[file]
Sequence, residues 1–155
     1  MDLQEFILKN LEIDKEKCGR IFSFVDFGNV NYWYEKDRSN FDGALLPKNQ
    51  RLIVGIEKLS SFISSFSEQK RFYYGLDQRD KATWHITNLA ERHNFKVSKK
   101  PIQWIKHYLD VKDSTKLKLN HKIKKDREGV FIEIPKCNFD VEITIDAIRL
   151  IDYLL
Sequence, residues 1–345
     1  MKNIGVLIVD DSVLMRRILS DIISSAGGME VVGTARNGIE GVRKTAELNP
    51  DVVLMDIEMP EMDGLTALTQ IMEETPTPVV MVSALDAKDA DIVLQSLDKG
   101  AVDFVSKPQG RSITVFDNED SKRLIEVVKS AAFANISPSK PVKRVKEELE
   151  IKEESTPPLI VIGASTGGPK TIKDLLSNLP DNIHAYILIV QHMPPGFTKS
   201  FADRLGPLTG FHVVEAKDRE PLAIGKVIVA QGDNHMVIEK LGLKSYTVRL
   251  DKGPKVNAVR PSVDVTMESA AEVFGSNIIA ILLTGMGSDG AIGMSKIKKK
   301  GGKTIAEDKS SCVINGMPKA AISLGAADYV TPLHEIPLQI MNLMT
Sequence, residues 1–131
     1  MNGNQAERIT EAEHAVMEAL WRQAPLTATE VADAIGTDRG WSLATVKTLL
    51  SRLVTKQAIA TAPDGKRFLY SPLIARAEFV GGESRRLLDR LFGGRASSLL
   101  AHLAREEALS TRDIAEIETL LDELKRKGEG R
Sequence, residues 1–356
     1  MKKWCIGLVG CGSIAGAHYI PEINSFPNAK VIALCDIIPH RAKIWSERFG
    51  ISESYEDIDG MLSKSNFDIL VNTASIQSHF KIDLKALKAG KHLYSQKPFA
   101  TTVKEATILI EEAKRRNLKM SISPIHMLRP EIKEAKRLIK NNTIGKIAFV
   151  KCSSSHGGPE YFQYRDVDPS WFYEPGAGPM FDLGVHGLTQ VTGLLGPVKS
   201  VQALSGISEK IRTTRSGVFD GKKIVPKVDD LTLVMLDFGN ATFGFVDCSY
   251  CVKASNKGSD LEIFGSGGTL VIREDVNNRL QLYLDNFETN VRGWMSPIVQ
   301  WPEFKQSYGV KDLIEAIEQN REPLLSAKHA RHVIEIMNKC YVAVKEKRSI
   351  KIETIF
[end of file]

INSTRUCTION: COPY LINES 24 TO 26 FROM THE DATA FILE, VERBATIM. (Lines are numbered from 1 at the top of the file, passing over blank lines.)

   251  CVKASNKGSD LEIFGSGGTL VIREDVNNRL QLYLDNFETN VRGWMSPIVQ
   301  WPEFKQSYGV KDLIEAIEQN REPLLSAKHA RHVIEIMNKC YVAVKEKRSI
   351  KIETIF